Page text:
The Neuroscience Of Perseverance

It’s the million dollar question: Why are some people more inclined to persevere and others to quit?

The answer may be simple neuroscience. Your internal “Reward System” is a collection of brain structures that regulate your behavior by making you feel good when you achieve a goal. A hormone called dopamine floods your body and mind with a rush of satisfaction and reward anytime you succeed at achieving something biologically necessary for your survival.

Neuroscientific research shows that higher levels of dopamine might separate the internal drive some people have to persevere while lower dopamine levels cause others to give up. Obviously, there are a wide range of factors that come into play when someone decides to persevere–but dopamine can be harnessed and used as a prime motivating force to help you keep pushing and achieve your goals.

You have the power to tap your own dopamine reserves simply by visualizing yourself as having your finger on a ‘joy-stick’ of pleasure. Learn to associate perseverance and accomplishing a mission with feeling good. The motivation at a biological level is just to get the hit of dopamine—but in the real world this drive translates into you following through and achieving goals. Every time you complete a task in your daily life visualize that you have just self-administered a hit of ‘feel good’ dopamine, and that habit will be reinforced.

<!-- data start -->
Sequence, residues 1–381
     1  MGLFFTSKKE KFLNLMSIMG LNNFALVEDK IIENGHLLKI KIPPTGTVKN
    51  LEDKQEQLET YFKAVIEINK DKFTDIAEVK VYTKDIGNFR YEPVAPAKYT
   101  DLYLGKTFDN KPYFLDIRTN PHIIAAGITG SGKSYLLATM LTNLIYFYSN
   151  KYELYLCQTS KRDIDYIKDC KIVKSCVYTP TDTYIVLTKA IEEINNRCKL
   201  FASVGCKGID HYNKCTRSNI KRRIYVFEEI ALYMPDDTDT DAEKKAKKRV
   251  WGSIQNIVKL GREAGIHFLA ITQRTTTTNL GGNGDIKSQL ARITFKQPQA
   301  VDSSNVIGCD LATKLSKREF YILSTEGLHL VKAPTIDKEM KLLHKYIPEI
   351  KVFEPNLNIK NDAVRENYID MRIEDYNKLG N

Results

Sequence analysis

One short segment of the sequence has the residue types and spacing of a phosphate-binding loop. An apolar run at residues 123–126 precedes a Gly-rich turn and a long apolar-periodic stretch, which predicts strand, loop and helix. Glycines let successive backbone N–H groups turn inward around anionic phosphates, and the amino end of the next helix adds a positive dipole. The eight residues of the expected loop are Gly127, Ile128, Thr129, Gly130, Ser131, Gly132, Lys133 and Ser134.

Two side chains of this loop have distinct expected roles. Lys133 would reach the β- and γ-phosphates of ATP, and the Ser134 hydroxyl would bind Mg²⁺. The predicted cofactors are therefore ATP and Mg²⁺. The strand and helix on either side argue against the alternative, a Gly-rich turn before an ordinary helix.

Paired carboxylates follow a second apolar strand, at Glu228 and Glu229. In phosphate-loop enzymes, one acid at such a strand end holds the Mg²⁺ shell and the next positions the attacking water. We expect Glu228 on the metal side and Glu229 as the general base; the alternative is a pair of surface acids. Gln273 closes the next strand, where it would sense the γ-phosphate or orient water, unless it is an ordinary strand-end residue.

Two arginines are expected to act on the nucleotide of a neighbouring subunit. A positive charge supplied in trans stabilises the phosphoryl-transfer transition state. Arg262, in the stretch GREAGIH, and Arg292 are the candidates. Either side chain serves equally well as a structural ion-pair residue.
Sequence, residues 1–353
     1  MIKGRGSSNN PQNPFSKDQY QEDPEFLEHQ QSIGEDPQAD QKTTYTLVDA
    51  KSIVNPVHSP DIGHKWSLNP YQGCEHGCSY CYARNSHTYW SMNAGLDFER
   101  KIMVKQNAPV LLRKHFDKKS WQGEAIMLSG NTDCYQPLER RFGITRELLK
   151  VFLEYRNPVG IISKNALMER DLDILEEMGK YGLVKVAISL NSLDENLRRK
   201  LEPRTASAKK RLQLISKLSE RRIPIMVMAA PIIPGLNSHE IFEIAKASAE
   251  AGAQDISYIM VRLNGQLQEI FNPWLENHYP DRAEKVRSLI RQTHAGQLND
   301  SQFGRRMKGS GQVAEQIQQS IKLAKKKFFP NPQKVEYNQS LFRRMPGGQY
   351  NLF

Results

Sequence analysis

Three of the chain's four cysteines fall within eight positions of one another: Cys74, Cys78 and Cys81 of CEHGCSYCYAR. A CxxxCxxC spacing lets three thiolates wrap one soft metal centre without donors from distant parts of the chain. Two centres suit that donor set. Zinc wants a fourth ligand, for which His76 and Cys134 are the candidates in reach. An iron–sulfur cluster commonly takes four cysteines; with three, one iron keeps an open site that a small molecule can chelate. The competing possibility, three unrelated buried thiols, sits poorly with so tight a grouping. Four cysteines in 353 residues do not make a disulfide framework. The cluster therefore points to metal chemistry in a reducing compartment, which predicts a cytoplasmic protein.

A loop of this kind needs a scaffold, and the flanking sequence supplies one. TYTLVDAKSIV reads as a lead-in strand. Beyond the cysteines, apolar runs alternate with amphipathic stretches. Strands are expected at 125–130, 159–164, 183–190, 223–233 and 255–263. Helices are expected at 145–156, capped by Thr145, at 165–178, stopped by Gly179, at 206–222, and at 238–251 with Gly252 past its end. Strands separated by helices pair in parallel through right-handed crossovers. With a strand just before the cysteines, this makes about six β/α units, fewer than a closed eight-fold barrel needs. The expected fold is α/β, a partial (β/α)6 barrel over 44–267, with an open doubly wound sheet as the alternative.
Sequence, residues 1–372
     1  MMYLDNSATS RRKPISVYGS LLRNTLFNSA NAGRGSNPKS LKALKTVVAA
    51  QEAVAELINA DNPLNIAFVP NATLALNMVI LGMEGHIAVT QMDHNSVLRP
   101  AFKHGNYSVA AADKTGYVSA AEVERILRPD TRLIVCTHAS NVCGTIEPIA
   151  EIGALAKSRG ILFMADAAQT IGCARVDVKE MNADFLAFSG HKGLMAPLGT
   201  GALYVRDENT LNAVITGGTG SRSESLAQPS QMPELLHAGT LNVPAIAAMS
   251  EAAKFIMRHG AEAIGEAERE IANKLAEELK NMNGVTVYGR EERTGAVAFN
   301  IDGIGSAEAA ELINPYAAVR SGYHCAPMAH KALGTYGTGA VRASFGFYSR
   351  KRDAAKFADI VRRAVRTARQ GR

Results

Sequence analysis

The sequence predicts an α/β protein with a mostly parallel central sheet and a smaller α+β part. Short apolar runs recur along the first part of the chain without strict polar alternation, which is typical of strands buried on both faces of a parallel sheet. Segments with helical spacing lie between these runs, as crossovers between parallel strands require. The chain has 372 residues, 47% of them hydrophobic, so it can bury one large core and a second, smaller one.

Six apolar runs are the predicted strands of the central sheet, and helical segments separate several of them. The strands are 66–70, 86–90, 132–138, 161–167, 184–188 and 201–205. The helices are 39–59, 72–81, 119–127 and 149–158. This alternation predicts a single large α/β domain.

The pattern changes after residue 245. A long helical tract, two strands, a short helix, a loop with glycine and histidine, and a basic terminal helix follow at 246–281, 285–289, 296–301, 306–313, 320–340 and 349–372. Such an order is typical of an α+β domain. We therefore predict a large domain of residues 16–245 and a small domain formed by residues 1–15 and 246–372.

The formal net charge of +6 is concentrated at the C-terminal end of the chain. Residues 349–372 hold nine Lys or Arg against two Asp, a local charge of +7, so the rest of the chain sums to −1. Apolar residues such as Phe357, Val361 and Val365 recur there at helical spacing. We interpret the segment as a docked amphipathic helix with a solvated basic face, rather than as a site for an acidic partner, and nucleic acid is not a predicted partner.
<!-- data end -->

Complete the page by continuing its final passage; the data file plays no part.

Because all animals instinctively seek pleasure and avoid pain, you can flip your perspective on perseverance 180 degrees and view struggle and perseverance as a doorway to pleasure. By viewing perseverance as an opportunity to neurochemically boost your confidence and make you feel good, the process of perseverance becomes a positive experience. As Henry Ford said, “There is joy in work. There is no happiness except in the realization that we have accomplished something.”

“Perseverance is the hard work you do after you get tired of doing the hard work you already did.”